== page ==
- Avoid antibiotics unless absolutely necessary since they wipe out a serious amount of good bacteria in your gut (in addition to killing the bad bacteria), leaving you more vulnerable to allow yeast and harmful bacteria to invade.
- Avoid taking NSAIDs unless absolutely necessary. Studies show that these types of drugs (Advil, Motrin) can alter your gut bacteria in only 24 hours.
- Avoid taking proton pump inhibitor drugs for heartburn and other digestive issues. These types of drugs inhibit the production of stomach acid which is vital to proper breakdown of food before it enters the intestines. There are natural ways to deal with acid reflux, including changing your diet and when needed drinking a glass of water with a teaspoon of baking soda.
- Eat probiotic-rich foods such as fermented veggies, kefir, kimchi, and sauerkraut as these contain live, healthy bacteria.
- Exercise – one of the benefits of exercise is that it reduces the inflammatory responses that occur within the body and can reduce the effects of mental and physical stress.
- Manage stress – stress can be mental, emotional, and physical. Lifestyle choices such as the foods you eat or how much sleep you get can burden the body with excess stress which can contribute to disease.
- Get enough sleep – numerous research studies have shown that not getting enough sleep can contribute exponentially to stress and the inability to deal with it. Lack of sleep also has a direct effect on gut health.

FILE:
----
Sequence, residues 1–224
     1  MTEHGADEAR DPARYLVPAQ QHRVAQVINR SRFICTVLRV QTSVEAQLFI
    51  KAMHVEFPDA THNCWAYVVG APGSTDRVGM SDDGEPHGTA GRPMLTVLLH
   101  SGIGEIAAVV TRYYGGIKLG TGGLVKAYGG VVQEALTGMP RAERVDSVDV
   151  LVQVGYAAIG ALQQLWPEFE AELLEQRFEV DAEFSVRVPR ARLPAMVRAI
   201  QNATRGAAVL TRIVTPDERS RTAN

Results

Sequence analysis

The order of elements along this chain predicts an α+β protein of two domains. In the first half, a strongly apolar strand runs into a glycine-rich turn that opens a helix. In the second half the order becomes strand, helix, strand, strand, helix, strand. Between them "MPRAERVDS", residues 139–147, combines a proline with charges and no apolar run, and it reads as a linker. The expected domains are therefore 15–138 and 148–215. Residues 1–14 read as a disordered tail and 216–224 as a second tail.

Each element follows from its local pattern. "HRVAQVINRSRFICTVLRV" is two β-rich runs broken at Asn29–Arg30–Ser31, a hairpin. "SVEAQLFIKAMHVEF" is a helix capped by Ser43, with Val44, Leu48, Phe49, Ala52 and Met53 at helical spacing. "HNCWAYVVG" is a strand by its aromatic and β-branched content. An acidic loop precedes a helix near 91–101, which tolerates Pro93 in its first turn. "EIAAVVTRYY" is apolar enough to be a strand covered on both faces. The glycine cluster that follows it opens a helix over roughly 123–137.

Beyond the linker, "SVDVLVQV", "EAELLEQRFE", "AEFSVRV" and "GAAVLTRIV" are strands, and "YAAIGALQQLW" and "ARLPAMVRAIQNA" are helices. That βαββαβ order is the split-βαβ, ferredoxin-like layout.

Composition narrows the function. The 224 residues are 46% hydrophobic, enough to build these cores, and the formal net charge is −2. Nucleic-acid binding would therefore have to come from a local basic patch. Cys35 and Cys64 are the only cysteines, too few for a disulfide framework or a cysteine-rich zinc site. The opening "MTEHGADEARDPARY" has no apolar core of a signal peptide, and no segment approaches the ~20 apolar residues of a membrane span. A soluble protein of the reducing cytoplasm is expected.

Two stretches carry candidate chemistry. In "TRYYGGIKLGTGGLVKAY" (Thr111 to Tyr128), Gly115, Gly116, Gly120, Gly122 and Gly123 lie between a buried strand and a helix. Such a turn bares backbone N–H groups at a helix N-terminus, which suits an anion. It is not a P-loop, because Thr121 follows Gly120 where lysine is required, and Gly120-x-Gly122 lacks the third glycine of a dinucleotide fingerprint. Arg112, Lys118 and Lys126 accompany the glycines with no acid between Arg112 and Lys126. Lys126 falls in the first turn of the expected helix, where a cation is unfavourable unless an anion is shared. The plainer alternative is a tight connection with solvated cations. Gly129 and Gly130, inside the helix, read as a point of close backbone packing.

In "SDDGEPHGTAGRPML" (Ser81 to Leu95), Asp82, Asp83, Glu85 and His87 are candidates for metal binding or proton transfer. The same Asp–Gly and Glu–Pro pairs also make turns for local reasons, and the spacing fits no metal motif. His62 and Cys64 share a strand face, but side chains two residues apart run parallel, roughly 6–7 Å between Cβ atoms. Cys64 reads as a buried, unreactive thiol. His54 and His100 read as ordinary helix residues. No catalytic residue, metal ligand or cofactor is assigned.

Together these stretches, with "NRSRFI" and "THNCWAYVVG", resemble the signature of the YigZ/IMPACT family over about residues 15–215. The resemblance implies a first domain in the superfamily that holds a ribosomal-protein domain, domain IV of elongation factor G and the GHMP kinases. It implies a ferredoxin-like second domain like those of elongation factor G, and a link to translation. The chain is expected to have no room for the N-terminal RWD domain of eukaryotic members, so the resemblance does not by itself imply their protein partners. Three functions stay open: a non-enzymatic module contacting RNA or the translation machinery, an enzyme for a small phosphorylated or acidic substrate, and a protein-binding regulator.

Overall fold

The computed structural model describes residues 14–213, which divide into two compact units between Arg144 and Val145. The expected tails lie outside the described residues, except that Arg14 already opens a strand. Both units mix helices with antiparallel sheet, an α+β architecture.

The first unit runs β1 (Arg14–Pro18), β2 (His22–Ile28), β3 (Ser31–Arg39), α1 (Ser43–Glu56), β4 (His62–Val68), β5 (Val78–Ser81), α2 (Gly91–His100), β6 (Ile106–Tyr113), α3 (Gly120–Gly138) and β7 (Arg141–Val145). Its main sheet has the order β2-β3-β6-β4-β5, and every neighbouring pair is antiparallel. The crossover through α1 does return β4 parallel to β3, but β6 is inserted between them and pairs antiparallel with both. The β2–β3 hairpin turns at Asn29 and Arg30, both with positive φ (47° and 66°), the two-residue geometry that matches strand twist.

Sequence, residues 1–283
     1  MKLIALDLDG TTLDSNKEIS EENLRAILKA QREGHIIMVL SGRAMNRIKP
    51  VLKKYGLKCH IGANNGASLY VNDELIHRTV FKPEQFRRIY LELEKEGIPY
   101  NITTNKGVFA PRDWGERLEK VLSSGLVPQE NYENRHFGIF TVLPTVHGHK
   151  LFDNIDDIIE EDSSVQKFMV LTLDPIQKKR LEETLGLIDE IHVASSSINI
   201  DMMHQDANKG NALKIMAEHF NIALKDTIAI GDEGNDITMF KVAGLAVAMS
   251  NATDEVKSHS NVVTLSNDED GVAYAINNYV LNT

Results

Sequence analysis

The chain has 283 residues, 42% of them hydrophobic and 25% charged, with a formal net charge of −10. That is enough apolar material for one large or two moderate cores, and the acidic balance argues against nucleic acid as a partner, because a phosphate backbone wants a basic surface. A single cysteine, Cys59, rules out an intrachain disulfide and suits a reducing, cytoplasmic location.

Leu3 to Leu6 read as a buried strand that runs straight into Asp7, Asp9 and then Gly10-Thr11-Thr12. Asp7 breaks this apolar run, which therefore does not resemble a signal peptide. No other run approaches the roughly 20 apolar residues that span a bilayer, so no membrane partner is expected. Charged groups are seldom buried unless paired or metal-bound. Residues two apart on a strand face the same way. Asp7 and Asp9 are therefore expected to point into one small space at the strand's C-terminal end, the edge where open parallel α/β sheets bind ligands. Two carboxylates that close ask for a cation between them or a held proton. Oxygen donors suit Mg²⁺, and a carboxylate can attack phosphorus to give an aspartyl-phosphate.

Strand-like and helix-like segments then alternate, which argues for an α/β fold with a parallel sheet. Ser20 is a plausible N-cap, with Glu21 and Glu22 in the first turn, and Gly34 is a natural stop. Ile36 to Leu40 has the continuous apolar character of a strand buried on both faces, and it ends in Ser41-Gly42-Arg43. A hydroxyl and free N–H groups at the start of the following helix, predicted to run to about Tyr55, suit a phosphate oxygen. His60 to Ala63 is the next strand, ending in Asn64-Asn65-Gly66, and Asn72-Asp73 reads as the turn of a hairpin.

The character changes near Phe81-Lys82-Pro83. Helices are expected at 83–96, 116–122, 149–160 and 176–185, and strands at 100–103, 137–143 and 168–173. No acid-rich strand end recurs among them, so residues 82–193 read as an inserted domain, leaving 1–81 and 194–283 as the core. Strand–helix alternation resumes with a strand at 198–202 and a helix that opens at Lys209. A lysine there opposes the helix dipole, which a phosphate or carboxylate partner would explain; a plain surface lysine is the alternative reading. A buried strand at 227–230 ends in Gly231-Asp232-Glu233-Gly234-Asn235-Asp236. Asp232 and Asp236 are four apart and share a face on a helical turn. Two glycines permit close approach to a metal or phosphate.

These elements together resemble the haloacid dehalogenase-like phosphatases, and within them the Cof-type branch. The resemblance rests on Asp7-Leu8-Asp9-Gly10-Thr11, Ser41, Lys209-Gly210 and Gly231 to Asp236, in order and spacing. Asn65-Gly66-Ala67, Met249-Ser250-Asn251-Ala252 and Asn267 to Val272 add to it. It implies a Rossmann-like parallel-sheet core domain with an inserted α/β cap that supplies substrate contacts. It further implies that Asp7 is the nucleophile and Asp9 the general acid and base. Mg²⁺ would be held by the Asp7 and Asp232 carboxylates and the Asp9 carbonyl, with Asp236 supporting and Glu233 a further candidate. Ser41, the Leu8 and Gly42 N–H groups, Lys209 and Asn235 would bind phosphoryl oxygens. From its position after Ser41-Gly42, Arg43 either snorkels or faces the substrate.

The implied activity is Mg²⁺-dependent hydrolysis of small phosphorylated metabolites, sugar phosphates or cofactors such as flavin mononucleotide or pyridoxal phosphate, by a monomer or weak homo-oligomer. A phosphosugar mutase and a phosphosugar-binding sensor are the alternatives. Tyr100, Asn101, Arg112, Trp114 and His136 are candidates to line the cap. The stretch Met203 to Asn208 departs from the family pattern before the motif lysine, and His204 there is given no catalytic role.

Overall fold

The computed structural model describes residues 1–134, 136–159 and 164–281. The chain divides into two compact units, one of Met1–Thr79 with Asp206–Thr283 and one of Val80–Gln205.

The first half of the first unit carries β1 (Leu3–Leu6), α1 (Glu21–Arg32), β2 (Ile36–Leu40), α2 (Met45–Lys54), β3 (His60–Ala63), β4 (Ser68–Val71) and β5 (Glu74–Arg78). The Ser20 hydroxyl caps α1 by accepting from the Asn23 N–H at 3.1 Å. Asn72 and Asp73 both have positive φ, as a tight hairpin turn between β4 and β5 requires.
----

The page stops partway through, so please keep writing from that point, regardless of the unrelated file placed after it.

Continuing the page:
The connections between your health and your gut are undeniable. Fortunately, Dr. Berutti is an expert on gut health. With her guidance, you can get to the root causes of your symptoms and imbalances and get those corrected so that you can be your healthiest self!
Nutritional Testing at the Dynamic Life Health Center
At the Dynamic Life Health Center, we offer the following testing for gut health:
- Genova Food Allergy Test – this is a blood test which will determine if you have allergies or sensitivities to hundreds of common foods which may be linked to the activation of your immune system. Some symptoms that you may experience if you have food allergies are digestive disorders, migraines, chronic fatigue, joint and muscle aches, obesity, and skin issues such as rashes.
- Genova Small Intestine Bacteria Overgrowth Test (SIBO) – this is a simple breath test which measures exhaled hydrogen and methane gasses after ingestion of a lactose solution. Patients who have SIBO often experience abdominal pain, diarrhea, constipation, and gas. SIBO is associated with IBS, IBD, Celiac Disease, Type 2 Diabetes, Fibromyalgia, Parkinson’s Disease, and Obesity.
- Genova GI Effects Test– this is a stool test that looks at overall gut health, the function of your digestive system, inflammation, and imbalances within the microbiome, including an analysis of bacteria, yeast and parasites.
- Spectracell ™Micronutrient Test – this test evaluates 35 different nutrients to include vitamins, minerals, amino acids, and antioxidants to determine deficiencies.
Contact our New Patient Coordinator for more information
When many patients come to see us, they have lost hope because they’ve felt unwell for so long and don’t see any light at the end of the tunnel. It’s rewarding as a practitioner to be able to help so many people realize a much better “normal” and a regained sense of vitality!
Please call us to get more information about how our clinic and Dr. Berutti can help you with your health goals and to schedule an appointment.
We look forward to the opportunity to restore your health and regain your vitality for life!
For More Information Call Us at 817-539-6168